From: Chris Proctor (cjp@YOYO.CC.MONASH.EDU.AU)
Date: 09/10/97

> -+that's in db.c, in the parse_object function.
> -+I've done similar stuff for room level restrictions, works exactly the
> -+same way.
> I kindof frown on this approach (like it matters what I frown at/on),
> because then you get into assigning obscure letters for each addition
> to the database file and it becomes confusing/hard to maintain in the
> future.  I really like just having an optional level field at the end
> of a string of numbers in the object, because it only appears when it's
> needed (well, I suspect OLC systems will write it out whether it is used
> or not).  It integrates the field into the actual database format, while
> keeping it completely backwards compatible.  And it's a very simple
> addition, at that.
> Say you have this line (pseudo-code):
>   if (sscanf(line, " %d %d %d ", &i, &j, &k) != 3)
>     error;
> to make an optional fourth argument all you have to do is,
>   if (sscanf(line, " %d %d %d %d ", &i, &j, &k, &l) < 3)
>     error;
> this way, 3-infinite (theoritically) arguments can be accepted on the
> same line [well, for as long as it fits the format], while only the
> first 3 are required.

Don't know that that format is any easier to understand, from a builder's
point of view, than the M <number> for material, L <number> for level, T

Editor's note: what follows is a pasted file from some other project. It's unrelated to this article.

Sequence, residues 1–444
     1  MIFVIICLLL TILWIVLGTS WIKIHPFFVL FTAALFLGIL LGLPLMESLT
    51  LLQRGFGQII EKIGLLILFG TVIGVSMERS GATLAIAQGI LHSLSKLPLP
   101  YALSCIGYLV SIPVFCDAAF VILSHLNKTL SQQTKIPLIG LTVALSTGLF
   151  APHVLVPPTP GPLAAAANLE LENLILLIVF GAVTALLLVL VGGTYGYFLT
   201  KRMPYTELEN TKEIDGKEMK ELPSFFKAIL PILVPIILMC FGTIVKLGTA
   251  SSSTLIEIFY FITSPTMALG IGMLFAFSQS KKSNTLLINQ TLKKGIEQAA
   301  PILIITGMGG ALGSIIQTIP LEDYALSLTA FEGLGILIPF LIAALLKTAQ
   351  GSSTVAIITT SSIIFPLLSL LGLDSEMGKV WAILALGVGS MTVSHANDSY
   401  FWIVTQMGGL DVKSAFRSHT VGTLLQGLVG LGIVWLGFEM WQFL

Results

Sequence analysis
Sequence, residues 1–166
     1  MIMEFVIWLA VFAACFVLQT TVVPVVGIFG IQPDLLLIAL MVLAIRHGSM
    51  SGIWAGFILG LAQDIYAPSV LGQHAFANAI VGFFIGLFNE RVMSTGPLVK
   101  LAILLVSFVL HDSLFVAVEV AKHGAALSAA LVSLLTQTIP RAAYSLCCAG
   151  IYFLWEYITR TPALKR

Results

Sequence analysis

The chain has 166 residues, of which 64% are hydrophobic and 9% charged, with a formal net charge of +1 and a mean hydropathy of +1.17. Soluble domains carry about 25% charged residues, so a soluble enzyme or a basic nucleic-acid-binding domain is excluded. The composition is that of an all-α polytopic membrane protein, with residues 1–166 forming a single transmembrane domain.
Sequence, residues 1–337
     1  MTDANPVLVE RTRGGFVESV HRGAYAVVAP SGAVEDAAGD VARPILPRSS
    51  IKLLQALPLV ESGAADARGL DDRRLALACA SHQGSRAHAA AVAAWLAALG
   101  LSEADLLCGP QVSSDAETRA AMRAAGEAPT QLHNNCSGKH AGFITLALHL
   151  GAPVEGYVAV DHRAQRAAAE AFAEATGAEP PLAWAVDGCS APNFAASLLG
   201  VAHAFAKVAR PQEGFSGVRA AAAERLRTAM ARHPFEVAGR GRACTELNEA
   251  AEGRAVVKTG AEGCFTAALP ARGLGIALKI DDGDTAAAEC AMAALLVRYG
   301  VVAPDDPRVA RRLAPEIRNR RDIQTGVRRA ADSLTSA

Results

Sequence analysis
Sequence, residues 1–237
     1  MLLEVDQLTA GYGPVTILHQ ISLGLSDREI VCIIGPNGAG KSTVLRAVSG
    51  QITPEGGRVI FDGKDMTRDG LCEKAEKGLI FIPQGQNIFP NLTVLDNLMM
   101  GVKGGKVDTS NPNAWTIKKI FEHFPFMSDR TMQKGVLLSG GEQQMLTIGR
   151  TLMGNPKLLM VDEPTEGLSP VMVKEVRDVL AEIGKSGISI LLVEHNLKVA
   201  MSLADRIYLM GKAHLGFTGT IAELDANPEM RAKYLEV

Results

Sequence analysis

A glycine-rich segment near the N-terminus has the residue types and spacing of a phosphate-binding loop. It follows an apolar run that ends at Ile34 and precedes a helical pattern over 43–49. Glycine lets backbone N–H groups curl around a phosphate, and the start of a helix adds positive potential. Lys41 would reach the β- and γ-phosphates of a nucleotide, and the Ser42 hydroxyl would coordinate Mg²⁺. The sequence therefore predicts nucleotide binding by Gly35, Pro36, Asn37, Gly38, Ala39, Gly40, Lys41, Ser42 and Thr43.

<number> for timer type format.
My way is less elegant, slightly hackish maybe, but as long as you don't
go overboard with extra variables it's fine. I only have 5 or so, and the
first letter of the name is free. so *shrug*.
Question of style, IMO.

> -+      "A double-edged sword lets you cut down
> -+      your enemies with the backswing as well."
> -+             -- Gerrard of the Weatherlight
> Well, kindof.  A single-edged sword is quite capable of this, too; and
> most double-edged swords (including long swords and Scottish claymores)
> functioned better as piercing weapons.  Besides, Japanese katanas
> (single-edged) cut far better than most, if not all, double-edged
> swords I've seen.

Quite right, of course. However the quote is a comment on the old saying
about double-edged swords, the implication being that you cut yourself
with them as well.
It's alluding to (in this case) spells that have detrimental effects on
their casters to balance the power of them, and ways to turn it to your
advantage, e.g. following a spell that damages everything in a room
(including the caster) and following it up with a spell that only works
if you're on half hp or less. That kind of thing.

Agreed RE: Katanas.
Though it's not really fair to compare something that can cut through a
human body in 1/100th of a second to most western swords.

Blah, I'm gonna change my .sig now. *grins*

        "Conversations have no brackets".
                    -- Wooble the Fungus God
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